Why Uber Drivers and Lyft Drivers Should Never Buy a Prius
For Uber drivers and Lyft drivers, along with delivery drivers like Amazon Flex, Postmates, Uber Eats, Instacart, and Doordash, the biggest expense we have are our cars, whether its gas or depreciation or car maintenance. Most people focus on reducing gas consumption since this is often the most obvious way to save money on our car. We fill up on gas a few times a week and when gas prices was high, you could save a lot of money with a more fuel efficient car. Now that gas is much lower price than a few years ago, it doesn’t make as much sense to get a fuel efficient car.
What on-demand workers need to focus on is that a vehicle is a depreciating asset that is used to make money. Once you focus on this and do the below analysis, you will find that a Prius doesn’t make the best financial sense. If you are to buy a car for rideshare or delivery, you need to focus on the financials and not the features of the car. Sure, I would love to drive a BMW or Mercedes everyday, but for rideshare or delivery, it would be the most financially wasteful to do that. You need to strike a fine balance between being financially responsible and buying a car you want to drive everyday.
Much of the cost of owning the car is the purchase price, its depreciation and then the cost of gas. The first goal is to minimize the purchase price of the car. Prius is often at a premium because of its gas mileage and reliability. However, there are many other cars that while it has lower fuel economy is much cheaper to buy, which will reduce the related depreciation.
Comparing Car Expenses of an Elantra and Prius
Here is an example of a 2012 Hyundai Elantra (GLS):
|Year 1||Year 2||Year 3||Year 4||Year 5||5 year total||Per mile (60k total miles)|
|Taxes and Fees||738||50||50||50||50||938||0.0125|
You can see the depreciation of a Prius is double that of its fuel cost, which is to be expected. However, you are paying an extra 4 cents a mile to save just 3 cents a mile on gas. Is that really worth it? It is very rarely worth it because of the increased depreciation.
And here is an example of a 2012 Prius Two:
|Year 1||Year 2||Year 3||Year 4||Year 5||5 Yr Total||Per mile (60k total miles)|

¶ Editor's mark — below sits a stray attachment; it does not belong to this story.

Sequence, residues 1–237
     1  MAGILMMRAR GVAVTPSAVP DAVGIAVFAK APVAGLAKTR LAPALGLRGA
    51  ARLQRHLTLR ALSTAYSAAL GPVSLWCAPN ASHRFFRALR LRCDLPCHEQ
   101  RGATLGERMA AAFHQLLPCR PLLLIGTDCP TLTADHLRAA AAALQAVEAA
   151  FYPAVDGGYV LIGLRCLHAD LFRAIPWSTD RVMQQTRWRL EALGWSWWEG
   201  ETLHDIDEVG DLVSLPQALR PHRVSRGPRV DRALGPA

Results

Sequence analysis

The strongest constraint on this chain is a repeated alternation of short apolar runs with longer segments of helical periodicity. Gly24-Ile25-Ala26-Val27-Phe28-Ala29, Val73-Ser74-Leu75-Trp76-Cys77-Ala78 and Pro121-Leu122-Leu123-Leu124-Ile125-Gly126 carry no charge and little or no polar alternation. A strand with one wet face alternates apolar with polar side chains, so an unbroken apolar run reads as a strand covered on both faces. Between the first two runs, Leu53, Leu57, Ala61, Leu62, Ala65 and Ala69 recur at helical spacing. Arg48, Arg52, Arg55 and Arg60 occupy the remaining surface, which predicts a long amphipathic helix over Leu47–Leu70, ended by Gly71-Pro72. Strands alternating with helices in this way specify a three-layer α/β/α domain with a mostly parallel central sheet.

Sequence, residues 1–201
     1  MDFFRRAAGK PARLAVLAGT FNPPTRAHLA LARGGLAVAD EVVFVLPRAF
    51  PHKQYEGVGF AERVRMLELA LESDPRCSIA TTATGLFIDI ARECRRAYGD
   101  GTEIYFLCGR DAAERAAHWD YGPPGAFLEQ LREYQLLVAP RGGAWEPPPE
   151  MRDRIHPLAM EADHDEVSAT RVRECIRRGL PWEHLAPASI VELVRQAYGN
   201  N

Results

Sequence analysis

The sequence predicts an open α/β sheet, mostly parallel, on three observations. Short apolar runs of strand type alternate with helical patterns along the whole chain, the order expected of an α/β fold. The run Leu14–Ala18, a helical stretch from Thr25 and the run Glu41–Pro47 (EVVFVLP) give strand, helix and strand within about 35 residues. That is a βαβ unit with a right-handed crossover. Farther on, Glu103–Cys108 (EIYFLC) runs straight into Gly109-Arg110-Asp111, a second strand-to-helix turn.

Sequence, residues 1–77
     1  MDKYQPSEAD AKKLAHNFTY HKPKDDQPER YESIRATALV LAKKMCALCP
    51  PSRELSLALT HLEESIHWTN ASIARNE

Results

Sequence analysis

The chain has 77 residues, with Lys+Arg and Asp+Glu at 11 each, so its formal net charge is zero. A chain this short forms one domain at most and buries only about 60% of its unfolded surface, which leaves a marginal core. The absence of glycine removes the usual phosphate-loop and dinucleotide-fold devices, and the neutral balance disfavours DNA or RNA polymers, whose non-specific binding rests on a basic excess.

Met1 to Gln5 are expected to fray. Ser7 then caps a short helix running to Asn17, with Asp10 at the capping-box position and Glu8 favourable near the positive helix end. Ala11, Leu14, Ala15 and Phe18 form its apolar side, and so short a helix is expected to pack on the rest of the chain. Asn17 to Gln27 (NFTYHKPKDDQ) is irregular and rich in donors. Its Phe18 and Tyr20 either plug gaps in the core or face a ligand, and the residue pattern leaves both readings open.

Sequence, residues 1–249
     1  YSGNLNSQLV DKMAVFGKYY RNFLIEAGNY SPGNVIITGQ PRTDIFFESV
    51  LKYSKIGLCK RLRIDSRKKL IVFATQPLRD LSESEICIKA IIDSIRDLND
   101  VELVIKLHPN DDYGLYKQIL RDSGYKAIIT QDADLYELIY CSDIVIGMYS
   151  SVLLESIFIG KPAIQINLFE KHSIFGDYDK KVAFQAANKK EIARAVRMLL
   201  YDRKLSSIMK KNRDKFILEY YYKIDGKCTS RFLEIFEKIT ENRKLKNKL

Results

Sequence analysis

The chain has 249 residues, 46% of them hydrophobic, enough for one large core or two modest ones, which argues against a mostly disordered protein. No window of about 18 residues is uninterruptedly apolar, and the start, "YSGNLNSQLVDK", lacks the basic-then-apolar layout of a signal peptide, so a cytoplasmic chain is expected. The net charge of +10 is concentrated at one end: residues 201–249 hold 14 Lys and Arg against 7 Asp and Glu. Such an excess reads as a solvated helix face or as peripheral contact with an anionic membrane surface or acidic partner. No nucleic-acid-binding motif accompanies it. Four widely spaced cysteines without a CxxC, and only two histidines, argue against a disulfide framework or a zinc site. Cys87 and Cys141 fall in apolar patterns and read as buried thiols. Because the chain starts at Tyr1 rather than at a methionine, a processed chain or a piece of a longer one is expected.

|Taxes & Fees||$1,167||$50||$50||$50||$50||$1,367||0.0182|
|True Cost to Own ®||$7,931||$4,655||$4,331||$3,696||$4,906||$25,519||0.3403|
You can see that the Elantra is slightly cheaper to own than the Prius long term. If you ignore the first year cost (especially if you have bought either car used), then the gap shrinks by a little. You can see that while fuel cost is 3 cents per mile cheaper than the Elantra, the depreciation on the Prius is 4 cents higher. In Year 5, the depreciation on the Prius is double that of the Elantra, mainly because the Elantra is about $7,000 cheaper than a Prius brand new.
Car Expenses vs Car Purchase Price
My biggest recommendation is to buy a used car in order to reduce the car purchase price. If you buy a cheaper car, it will typically be cheaper to operate, mainly because of reduced depreciation, taxes, and insurance. Maintenance will go up, along with any repairs you may have so it would be best to get a reliable, cheap car, like Toyota, Honda, Ford or a newer Hyundai.
I did a quick price comparison between a 2013 Prius II and a 2013 Hyundai Elantra. For about 35k miles, I can get a Prius II for around $15k, while I can get the same Elantra for around $11.5k, a savings of $3.5k. With the fuel cost savings, you would need to drive over 130k miles just to break even for the cost of a Prius! This is not even considering the extra depreciation with the Prius.
Since a 2013 Prius is worth more when you bought it, it will be worth more if you decide to sell it a few years down the road. A 2008 Elantra with about 125k miles (35k + 15k miles a year for 5 years) is worth about $5,000 while a 2008 Prius with 125k miles is worth about $7,000. This shows that if you bought a 2013 Elantra and drove it for 5 years for a total of 90k miles and sold it with the odometer at 125k miles, then you would save about $1,500 in depreciation over a similar Prius. According to Edmunds, the maintenance and repairs are very similar and the only financial incentive to buy a Prius is to save money on gas.
Why You Shouldn’t Buy a Prius
Here are the three reasons why you shouldn’t buy a Prius:
- Prius are often more expensive to buy than other cars and it’ll take many miles to recoup in the form of savings on gas
- Prius has high depreciation, which offsets any potential savings in gas
- The Prius doesn’t have lower maintenance or repairs than other vehicles
Also, I want to mention that if you drive a lot of miles, it still isn’t worth it to get a Prius. The Prius would just depreciate more and it would still be cheaper to get a different car. All of the metrics I noted before is based per mile, which means that the argument holds regardless of the number of miles you drive. The more you drive, the more the car depreciates.
If you take a look at the above numbers, you would need the cost of gas to double (so about $4 a gallon) in order to just break even between buying a Prius and an Elantra. However, you still have a higher purchase price. In accounting, there is a metric called Return on Investment (ROI). Since you are paying more for the same car, your ROI is lower if you buy a Prius over a cheaper car. Of course, if gas prices did double and you eventually sold off the Prius, then you could argue that your ROI would be the same as an Elantra. But what if you stop driving on Uber/Lyft in a year? Now you have a more expensive car that depreciating even though you are not earning money with it.Have more questions about Uber or Lyft? Head on over to our Rideshare Driver Training Course! Driver Promotions